Gamasutra: The Art & Business of Making Gamesspacer
View All     RSS
March 24, 2019
arrowPress Releases

If you enjoy reading this site, you might also want to check out these UBM Tech sites:


A better architecture for Unity projects

by Ruben Torres Bonet on 07/03/18 10:58:00 am   Featured Blogs

The following blog post, unless otherwise noted, was written by a member of Gamasutra’s community.
The thoughts and opinions expressed are those of the writer and not Gamasutra or its parent company.


After working six months on the remake of Diamond Dash with Unity I can say that I learned quite a lot from the engineers at Wooga on top of self reflection. I often learned the soft way, but also the hard way. In any case, after experienced more successes than failures I present my perspective on how a great architecture could look like.

Whether you are building a Unity application or a Unity game, you are doing it from scratch or you are just unhappy with your current system, I think you would profit from reading.

Full-disclosure: a great part of the ideas and system implementations behind this document have been developed at Wooga. I mostly polished and enhanced them further so it would fit the needs of our new project and furthermore took my time to restructure it and write a blog post about it. Spread the knowledge!

A better architecture for Unity projects overview

Let us begin!

Dependency Injection

Your classes are not responsible for getting the references they need, do not force them to. They should focus just on their small, well-defined tasks as an extension of the single responsibility principle.

You may use famous DI frameworks such as Zenject and StrangeIoC. However, I encourage you to write your own DI class if you have the time. You will learn a lot through it and will be prepared to deal with possible DI issues in the future. It is possible to write one in less than 100 lines of code; as reference, you may have a look at the same DI script I used when developing Diamond Dash in Unity.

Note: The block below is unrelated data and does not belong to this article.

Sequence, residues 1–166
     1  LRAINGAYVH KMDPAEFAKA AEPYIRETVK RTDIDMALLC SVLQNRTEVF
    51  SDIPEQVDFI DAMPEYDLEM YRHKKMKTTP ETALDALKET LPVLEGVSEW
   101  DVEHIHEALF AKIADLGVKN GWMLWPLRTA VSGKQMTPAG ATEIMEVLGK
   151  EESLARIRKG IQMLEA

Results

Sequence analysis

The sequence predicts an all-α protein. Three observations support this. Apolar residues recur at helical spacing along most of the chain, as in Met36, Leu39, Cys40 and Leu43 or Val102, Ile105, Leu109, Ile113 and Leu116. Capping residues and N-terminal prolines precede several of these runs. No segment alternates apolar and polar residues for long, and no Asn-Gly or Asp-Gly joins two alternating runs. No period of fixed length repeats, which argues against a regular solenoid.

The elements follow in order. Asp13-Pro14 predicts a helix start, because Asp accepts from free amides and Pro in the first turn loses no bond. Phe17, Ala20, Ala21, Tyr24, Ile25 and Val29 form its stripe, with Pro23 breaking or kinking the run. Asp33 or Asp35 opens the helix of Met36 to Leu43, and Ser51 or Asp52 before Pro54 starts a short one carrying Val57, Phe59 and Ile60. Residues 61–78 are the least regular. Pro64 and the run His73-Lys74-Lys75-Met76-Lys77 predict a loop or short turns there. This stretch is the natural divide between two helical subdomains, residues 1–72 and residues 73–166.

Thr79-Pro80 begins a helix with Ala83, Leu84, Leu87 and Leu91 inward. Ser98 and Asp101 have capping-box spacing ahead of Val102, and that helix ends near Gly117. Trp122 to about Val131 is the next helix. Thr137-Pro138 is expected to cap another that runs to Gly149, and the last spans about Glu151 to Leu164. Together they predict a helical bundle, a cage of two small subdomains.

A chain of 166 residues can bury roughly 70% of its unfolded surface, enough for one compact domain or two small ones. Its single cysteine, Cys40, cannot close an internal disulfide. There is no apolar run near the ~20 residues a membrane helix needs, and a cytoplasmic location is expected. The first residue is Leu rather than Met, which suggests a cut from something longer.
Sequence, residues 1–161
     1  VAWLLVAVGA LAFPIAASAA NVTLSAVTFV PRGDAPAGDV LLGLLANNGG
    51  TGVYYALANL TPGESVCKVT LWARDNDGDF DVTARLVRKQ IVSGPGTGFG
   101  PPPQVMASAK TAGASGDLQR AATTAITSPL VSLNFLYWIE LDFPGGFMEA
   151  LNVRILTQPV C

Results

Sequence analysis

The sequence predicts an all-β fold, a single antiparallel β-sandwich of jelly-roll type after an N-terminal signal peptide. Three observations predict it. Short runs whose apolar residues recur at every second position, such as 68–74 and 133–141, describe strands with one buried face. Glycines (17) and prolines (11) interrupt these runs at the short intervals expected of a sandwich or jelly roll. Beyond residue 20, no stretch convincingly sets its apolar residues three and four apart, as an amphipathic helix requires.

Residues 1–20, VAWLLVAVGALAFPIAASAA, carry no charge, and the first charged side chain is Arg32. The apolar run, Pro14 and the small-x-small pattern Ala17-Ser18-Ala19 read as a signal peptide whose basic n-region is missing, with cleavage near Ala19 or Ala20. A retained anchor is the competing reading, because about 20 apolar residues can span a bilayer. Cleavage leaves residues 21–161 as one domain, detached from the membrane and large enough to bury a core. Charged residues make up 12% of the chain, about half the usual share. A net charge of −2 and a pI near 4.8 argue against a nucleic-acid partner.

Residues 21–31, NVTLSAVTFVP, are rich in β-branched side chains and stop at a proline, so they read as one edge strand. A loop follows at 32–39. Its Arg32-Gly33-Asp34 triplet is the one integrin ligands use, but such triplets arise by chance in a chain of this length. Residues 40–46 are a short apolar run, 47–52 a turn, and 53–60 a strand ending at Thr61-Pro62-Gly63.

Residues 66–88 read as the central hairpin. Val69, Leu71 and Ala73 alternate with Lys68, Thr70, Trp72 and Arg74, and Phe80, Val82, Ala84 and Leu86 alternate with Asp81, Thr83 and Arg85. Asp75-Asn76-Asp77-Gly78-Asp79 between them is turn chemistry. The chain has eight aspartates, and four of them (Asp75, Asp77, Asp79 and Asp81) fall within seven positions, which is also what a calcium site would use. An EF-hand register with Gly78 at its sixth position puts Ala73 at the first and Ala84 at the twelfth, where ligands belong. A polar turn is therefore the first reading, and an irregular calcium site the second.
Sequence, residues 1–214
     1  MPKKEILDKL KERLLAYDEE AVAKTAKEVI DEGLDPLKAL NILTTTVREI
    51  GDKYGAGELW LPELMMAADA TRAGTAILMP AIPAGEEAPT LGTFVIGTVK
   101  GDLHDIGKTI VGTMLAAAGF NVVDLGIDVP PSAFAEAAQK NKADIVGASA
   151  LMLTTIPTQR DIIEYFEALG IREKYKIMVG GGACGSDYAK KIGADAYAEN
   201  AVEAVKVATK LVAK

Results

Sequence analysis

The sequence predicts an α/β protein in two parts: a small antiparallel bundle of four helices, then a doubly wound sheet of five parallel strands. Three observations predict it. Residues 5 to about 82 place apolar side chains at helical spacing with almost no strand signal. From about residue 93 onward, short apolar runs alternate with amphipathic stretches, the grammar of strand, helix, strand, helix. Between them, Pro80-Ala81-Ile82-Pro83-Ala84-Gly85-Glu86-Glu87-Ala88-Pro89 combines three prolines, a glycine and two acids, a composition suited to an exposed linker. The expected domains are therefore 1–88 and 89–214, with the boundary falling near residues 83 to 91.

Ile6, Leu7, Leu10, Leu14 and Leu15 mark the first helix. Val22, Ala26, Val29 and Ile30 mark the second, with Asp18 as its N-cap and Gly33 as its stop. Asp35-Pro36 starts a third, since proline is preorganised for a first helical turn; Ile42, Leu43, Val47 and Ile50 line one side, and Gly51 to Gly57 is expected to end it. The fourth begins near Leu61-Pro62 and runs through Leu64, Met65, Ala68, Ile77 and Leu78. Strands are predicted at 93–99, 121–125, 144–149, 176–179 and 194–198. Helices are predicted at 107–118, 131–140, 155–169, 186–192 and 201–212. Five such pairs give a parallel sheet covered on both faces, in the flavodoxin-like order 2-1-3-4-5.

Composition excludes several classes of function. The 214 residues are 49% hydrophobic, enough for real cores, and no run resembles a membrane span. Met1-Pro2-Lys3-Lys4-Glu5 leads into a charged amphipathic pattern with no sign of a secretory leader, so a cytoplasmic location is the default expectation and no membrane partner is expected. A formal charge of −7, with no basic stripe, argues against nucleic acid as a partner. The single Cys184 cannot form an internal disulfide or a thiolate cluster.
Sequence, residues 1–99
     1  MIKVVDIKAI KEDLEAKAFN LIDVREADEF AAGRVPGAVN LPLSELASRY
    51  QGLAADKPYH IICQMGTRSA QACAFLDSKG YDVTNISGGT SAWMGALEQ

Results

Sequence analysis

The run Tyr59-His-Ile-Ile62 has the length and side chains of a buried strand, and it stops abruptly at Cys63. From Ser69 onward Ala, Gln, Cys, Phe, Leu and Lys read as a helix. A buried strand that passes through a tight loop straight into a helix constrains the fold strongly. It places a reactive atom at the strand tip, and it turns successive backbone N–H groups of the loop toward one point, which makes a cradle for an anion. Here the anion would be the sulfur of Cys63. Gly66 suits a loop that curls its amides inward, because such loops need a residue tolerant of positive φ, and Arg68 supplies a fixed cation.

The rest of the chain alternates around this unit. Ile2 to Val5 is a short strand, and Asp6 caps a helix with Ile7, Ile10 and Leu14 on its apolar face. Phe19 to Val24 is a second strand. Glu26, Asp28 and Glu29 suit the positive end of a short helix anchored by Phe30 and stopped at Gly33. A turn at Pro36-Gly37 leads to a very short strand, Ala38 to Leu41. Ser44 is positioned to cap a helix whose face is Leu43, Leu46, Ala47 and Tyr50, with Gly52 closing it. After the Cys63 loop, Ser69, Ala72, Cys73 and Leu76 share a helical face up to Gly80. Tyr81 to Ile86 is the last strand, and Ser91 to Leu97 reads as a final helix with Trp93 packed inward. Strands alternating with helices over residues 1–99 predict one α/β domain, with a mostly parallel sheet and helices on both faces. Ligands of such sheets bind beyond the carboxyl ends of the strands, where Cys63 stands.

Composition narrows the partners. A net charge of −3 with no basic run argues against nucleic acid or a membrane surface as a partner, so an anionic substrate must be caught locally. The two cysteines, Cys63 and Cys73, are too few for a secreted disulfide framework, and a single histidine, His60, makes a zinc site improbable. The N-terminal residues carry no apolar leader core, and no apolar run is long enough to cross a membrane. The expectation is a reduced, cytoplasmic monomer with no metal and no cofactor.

DI allows you to write less code and less code means less chances of things going the wrong way. Your code will be cleaner and your developers happier. A DI system is a critical need for a great architecture. Do not ignore it.

Single-entry point

Have a single-entry point in your game for initializing and keeping global objects. This will help you creating, configuring and maintaining global objects: advertisement managers, audio system, debug options, etc.. Equally important is the explicit system initialization order you can set, building the dependency graph.

Another extra benefit will be present if you add a system to detect unhandled exceptions. I those cases, you can show an apologizing message to the user and reload the initialization scene so that you reboot (bootstrap) the whole application without actually exiting it.

An example follows:

public class Game : BaseGame
    private void Awake()
    protected override void BindGame()
        Container.Bind().FromInstance(new FacebookManager());
        Container.Bind().FromInstance(new Backend());
        Container.Bind().FromInstance(new MainPlayer());
    protected override IEnumerator LoadProcess()
        yield return new WaitForSeconds(2);
        yield return CommandFactory.Get<LoadMainMenu>().Load(LoadSceneMode.Single);


Additive scene loading

Be careful with prefabs. Have always in mind the golden rule: as soon as one reference to a prefab (basically any other object) is held, its contents will be fully (recursively) loaded into memory. This means, all assets including textures, geometry, other referenced prefabs, audio clips etc. will be synchronously loaded. It does not matter if they are instantiated or not, since the instantiation process will just create a shallow copy and call the Awake/Start/OnEnable/… methods which can be very expensive in terms of framerate hiccup, memory, battery, etc.. Animators are a good example of an expensive system.

I have seen projects building their UIs entirely on prefabs. These projects, once they scaled up in features and users, could not maintain such a system anymore. While the idea behind it is benign, it translates very much poorly into the Unity ecosystem. You could very well end up with a tasty figure of 40+ seconds loading time in mobile devices for instance.

What are the actual options to solve this better? You can always use asset bundles but maintaining its pipeline is not particularly light. The way I would strongly recommend is using additive scene loading.